Solemnly and slow;
A sound of woe! The first line is a mere statement, but should be given in a tender tone. The second “falling" should rise in pitch. “Caw, caw,” in the third line, is an example of onomatopeia; it should be given in monotone, high pitch, the second “caw" on a level with the first, both very hard and unintellectual. It is proper to rise or fall in pitch with the second “caw," but better to keep the voice on a level. The crow sound should be imitated as closely as possible. Whichever tone (intellectual or the opposite) is chosen for the first “caw," must be repeated with the second. The fourth line rises, the fifth descends, in pitch. Prolong “woe” in both lines. Suggest the sighing and wailing of the wind. Human sympathy now comes in. The first “woe” should be given with the wave, the second with the perfect close.
Through woods and mountain-passes,
The winds like anthems roll:
Begin low. The three last lines should be given in a solemn tone. In the fourth and fifth lines each "pray" should descend in pitch. Give each clause after “singing" with the waving slide. Roll out like an organ.
The hooded clouds, like friars,
Tell their beads in drops of rain,
All in vain. The partial close (because of strong emphasis) comes on "friars” in the first, and on prayers” in the third line. In the fourth line, "all in vain ” is given with the wave; the perfect close comes on vain” in the fifth line. Both lines should be given with feeling.
There he stands in the foul weather,
The foolish, fond Old Year,
A king,-a king! Throw out the voice. Give the stanza slowly, but with snap. The fourth line ends with the partial close (on account of strong emphasis). Give the first “king” in the fifth line with the bend; the perfect close comes on the second. Both should be given with force.
Then comes the summer-like day,
Bids the old man rejoice !
Gentle and low. Use soft tones all through the stanza. The partial close comes on " rejoice” in the second and on “joy” in the third line; the perfect close on “last” in the third line. Give the same inflection to “soft”. in the fourth, and to "gentle" and "low" in the fifth line.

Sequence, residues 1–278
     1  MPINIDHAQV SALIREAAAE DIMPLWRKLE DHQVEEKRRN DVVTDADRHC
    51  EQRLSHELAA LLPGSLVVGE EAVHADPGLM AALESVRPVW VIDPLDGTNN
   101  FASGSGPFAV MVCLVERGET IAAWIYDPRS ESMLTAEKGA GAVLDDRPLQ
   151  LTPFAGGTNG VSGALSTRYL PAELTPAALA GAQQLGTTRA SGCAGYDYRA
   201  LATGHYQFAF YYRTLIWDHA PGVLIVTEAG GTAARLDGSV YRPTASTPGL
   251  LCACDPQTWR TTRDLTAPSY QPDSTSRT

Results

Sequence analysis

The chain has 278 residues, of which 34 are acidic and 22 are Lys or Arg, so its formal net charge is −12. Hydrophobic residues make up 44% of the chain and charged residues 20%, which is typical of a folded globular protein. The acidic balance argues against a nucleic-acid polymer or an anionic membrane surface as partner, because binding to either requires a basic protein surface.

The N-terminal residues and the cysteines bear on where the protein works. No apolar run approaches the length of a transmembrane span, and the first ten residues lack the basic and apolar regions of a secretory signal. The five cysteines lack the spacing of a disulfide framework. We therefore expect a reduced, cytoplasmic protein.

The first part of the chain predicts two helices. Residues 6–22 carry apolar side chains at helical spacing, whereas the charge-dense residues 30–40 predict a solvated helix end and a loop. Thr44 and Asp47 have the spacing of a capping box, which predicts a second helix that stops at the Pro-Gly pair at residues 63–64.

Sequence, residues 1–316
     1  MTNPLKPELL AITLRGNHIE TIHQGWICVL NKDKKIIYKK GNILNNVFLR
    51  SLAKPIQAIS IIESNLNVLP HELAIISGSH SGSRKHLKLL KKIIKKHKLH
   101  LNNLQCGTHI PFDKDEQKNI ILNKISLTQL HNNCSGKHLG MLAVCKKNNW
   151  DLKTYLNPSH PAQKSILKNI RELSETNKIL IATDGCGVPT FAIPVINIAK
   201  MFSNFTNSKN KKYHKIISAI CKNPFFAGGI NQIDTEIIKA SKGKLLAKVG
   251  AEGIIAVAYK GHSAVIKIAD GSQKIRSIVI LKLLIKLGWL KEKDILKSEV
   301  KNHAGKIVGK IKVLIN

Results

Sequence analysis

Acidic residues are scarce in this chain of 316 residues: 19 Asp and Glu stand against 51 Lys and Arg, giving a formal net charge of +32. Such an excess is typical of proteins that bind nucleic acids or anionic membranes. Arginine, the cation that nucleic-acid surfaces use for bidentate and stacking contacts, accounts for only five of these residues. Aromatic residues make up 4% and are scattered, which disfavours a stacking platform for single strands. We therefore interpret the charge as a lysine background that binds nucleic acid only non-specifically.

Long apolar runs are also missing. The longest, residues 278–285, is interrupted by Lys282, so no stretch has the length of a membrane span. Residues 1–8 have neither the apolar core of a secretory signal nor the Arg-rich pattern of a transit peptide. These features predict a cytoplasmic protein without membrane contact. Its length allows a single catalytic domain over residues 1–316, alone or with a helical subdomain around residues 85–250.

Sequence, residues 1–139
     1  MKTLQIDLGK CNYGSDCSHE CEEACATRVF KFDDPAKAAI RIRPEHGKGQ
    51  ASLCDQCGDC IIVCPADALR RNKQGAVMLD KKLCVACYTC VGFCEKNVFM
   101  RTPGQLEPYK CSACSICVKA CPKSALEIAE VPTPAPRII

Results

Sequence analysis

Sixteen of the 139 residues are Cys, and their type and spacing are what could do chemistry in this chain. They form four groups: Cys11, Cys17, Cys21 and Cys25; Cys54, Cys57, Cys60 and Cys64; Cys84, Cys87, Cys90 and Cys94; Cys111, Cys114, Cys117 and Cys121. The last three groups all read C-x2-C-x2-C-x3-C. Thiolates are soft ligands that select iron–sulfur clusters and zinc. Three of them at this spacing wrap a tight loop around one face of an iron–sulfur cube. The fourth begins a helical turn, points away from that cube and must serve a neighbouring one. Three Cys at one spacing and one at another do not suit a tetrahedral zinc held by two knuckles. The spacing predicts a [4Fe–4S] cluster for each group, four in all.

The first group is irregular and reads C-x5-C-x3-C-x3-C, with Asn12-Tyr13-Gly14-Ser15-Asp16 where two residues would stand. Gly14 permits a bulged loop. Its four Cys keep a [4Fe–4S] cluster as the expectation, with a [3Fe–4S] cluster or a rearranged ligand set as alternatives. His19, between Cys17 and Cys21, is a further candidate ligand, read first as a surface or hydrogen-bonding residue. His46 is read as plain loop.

To the crimson woods he saith,-.
And the voice gentle and low
Do not laugh at me!"
The fourth and fifth lines should be given with the rising slide (to express pathos). Rise in pitch in the fourth and again in the fifth line. Imitate the querulous tones of an old man.
And now the sweet day is dead;
Cold in his arms it lies;
No mist or stain !
Prolong “cold" in the second line; the whole line should be given in monotone.
Then, too, the Old Year dieth,
And the forests utter a moan,
“ Vex not his ghost !”
Prolong “moan,” but do not emphasize it, as this would interfere with the suggestion of the moaning of the wind. Prolong “alone" in the fourth, and “Vex” in the fifth line. Make the last line windy and mysterious, a moan, not a loud cry, all in monotone, either in high or low pitch, as preferred.
Then comes, with an awful roar,
Gathering and sounding on,
The storm-wind !
Give this stanza with great force; increasing rapidity and intensity through the first three lines, rising in pitch with each. Descend in pitch with the last two, the last line very low. Prolong “stormwind” in the last line. The first three lines are given with the bend; the fourth ends with the partial, the fifth with the perfect close.
Howl! howl ! and from the forest
Sweep the red leaves away!
And be swept away!